The pandemic brought a new level of attention and appreciation for the vital role played
by commercial trucking in the United States. However, the industry has long been a
favorite focus of government and regulators. Even before the Federal Motor Carrier
Safety Administration was established as part of the Department of Transportation in
January of 2000, interstate commerce was subject to numerous regulations and laws.
The FMCSA has as its primary mission the reduction of fatalities and injuries caused by
commercial motor vehicles. It has used its position to address a wide range of
commercial trucking issues.
The Federal Trucking Action Plan
The Biden Administration pulled together a variety of concepts and programs in
conjunction with the passage of the recent Infrastructure Investment and Jobs Act to
create the Federal Trucking Action Plan. This plan, part of the Supply Chain Disruption
Task Force, has met with varying levels of success. Major aspects of this initiative were
several steps to address the commercial trucker workforce.
Citing the impact of COVID-19, outdated infrastructure, and an increased volume of
shipping (beyond the regular 72 percent of goods shipped), the plan was designed to
address what it labeled “workforce challenges.” In addition to those already mentioned,
the list of challenges included:
- An aging workforce
- Unpaid delays and long waiting times at ports, warehouses, and terminals
- Long hours on the road
- Reduced take-home pay due to a combination of these factors
The justifications for the plan also pointed out that due to these complex issues, many
drivers were only able to complete 6.5 of their potential 11 hours of driving every day.
This creates a gap of nearly 40 percent in the potential for shipping that goes
A “Next Generation” Workforce
The TAP stated its goal to work with the industry, drivers, and state and local
governments to prepare for the next generation of drivers. That includes creating trucker
jobs that are “good, safe, and stable.” At the core of this goal is the addition of more
affordable, effective, and high-quality training to allow debt-free paths to careers as
The plan also visualizes expanding the demographic mix of drivers to include more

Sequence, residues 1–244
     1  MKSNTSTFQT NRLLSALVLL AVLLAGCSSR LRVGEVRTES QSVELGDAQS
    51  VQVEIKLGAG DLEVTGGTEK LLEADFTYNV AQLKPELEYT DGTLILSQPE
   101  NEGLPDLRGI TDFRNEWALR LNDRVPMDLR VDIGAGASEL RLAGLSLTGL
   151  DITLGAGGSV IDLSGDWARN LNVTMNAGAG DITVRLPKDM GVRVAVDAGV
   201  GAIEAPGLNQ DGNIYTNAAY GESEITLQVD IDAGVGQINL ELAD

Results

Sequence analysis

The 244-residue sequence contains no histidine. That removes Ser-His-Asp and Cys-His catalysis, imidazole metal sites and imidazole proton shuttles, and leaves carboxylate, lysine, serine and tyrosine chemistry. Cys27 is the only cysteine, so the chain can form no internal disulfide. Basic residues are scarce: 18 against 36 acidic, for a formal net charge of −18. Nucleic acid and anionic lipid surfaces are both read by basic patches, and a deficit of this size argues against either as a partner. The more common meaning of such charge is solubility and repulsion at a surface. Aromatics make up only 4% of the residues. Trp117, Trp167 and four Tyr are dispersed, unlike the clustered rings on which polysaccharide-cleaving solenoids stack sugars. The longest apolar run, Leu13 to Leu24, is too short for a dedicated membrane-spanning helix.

women, formerly incarcerated individuals, service-disabled veterans, and younger drivers. TAP also contends that success in these areas will make the U.S. more
competitive for decades to come. This will be the result of providing millions of qualified
and motivated commercial truckers.
As part of immediate actions taken by TAP, efforts were made to make it easier to get
CDL permits at the state level while also addressing the many sources of expensive and
poor training that has existed for years. This step included providing $30 million to
states to help clear up backlogs of applications and CDL processing. The administration
states this resulted in more than 600,000 learner CDL permits issued in 2021, an
increase of 20 percent over the previous year.
Other initiatives included:
- A 90-day Challenge to add more Registered Apprentices. This program identifies employers who desire to add the Registered Apprenticeship program to their corporate efforts. With special funding and additional resources, the program is designed to step up the quality of training and the number of potential drivers in training.
- Focus on qualified veterans for potential recruits. DOT statistics indicated that at least 70,000 veterans left the service with certified training and skills for commercial trucking jobs. This included a series of actions to utilize existing and new paths for reaching veterans and their spouses to explain the opportunities in commercial trucking careers.
- The DOT- DOL Driving Good Jobs initiative. This ambitious effort is focused on the quality-of-work and quality-of-life issues that concern professional truckers. Another element of this focus is adding an increasing number of trucking trainees in the 18-to-20-year age group.
Impact of TAP
A lack of early response from potential new drivers created additional efforts and
incentives to identify candidates for the favored apprenticeship programs. While the
Teamsters initially supported TAP and its objectives, the field response has been that
the focus has been heavy on recruiting more drivers and not on making the career more
attractive. The efforts are still being pushed and promoted, but it will probably be 2024
before any earnest evaluation is available of the results.